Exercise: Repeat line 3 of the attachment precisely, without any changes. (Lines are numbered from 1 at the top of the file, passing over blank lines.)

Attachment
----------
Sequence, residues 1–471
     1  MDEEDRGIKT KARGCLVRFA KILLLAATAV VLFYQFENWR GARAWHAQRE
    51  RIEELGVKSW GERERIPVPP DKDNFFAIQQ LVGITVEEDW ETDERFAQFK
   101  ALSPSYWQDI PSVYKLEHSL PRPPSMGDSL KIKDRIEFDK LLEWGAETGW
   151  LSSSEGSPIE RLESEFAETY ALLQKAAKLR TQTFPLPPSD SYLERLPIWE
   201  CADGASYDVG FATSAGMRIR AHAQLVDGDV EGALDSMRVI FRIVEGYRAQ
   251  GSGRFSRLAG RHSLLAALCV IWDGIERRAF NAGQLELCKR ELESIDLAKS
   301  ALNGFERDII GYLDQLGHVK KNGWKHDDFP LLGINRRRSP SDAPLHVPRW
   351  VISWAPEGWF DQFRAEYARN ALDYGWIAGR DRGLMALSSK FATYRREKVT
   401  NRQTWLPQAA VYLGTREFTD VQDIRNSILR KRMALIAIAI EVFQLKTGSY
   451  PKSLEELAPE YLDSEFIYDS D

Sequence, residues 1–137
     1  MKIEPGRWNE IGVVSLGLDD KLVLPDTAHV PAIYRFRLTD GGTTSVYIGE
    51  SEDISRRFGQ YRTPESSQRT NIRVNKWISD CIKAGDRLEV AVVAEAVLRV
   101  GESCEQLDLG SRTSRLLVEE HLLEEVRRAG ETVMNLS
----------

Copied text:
    51  RIEELGVKSW GERERIPVPP DKDNFFAIQQ LVGITVEEDW ETDERFAQFK